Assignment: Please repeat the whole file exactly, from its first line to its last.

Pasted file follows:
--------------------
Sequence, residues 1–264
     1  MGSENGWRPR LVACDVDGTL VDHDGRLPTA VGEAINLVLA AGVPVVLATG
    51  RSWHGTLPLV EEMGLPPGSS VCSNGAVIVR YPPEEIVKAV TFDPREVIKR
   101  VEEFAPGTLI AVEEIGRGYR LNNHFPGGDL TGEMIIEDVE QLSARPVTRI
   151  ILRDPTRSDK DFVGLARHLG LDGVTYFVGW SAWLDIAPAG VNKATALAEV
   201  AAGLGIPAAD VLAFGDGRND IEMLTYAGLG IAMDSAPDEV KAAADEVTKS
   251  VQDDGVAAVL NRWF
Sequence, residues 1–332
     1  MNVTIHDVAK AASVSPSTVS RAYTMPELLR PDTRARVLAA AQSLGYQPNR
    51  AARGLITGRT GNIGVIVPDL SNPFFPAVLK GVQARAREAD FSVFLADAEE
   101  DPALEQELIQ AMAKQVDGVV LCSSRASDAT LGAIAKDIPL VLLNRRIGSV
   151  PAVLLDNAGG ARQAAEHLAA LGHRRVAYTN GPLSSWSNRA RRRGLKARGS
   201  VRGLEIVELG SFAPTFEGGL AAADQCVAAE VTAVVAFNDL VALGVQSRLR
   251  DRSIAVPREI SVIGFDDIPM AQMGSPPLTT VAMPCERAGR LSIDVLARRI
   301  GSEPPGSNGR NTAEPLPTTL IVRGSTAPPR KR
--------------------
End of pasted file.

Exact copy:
Sequence, residues 1–264
     1  MGSENGWRPR LVACDVDGTL VDHDGRLPTA VGEAINLVLA AGVPVVLATG
    51  RSWHGTLPLV EEMGLPPGSS VCSNGAVIVR YPPEEIVKAV TFDPREVIKR
   101  VEEFAPGTLI AVEEIGRGYR LNNHFPGGDL TGEMIIEDVE QLSARPVTRI
   151  ILRDPTRSDK DFVGLARHLG LDGVTYFVGW SAWLDIAPAG VNKATALAEV
   201  AAGLGIPAAD VLAFGDGRND IEMLTYAGLG IAMDSAPDEV KAAADEVTKS
   251  VQDDGVAAVL NRWF
Sequence, residues 1–332
     1  MNVTIHDVAK AASVSPSTVS RAYTMPELLR PDTRARVLAA AQSLGYQPNR
    51  AARGLITGRT GNIGVIVPDL SNPFFPAVLK GVQARAREAD FSVFLADAEE
   101  DPALEQELIQ AMAKQVDGVV LCSSRASDAT LGAIAKDIPL VLLNRRIGSV
   151  PAVLLDNAGG ARQAAEHLAA LGHRRVAYTN GPLSSWSNRA RRRGLKARGS
   201  VRGLEIVELG SFAPTFEGGL AAADQCVAAE VTAVVAFNDL VALGVQSRLR
   251  DRSIAVPREI SVIGFDDIPM AQMGSPPLTT VAMPCERAGR LSIDVLARRI
   301  GSEPPGSNGR NTAEPLPTTL IVRGSTAPPR KR